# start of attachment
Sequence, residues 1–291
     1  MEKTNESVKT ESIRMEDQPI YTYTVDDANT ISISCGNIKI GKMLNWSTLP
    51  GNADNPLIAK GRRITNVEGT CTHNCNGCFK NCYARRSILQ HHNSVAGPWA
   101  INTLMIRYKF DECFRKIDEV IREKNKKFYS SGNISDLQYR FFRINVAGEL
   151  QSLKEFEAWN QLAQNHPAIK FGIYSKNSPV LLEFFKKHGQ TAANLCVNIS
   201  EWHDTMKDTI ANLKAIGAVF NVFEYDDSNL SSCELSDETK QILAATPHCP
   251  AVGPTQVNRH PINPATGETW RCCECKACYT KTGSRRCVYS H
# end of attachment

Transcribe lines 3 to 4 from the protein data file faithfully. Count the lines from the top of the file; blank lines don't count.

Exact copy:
    51  GNADNPLIAK GRRITNVEGT CTHNCNGCFK NCYARRSILQ HHNSVAGPWA
   101  INTLMIRYKF DECFRKIDEV IREKNKKFYS SGNISDLQYR FFRINVAGEL